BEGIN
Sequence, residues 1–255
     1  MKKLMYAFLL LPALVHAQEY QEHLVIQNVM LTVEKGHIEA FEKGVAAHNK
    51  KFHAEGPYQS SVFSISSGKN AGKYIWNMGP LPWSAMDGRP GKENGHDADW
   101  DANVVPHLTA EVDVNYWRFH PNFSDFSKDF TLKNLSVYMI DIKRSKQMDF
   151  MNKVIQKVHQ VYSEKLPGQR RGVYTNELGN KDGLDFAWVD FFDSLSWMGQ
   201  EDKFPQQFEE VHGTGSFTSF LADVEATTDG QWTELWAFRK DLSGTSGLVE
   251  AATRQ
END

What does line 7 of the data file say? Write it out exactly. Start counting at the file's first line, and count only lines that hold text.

   251  AATRQ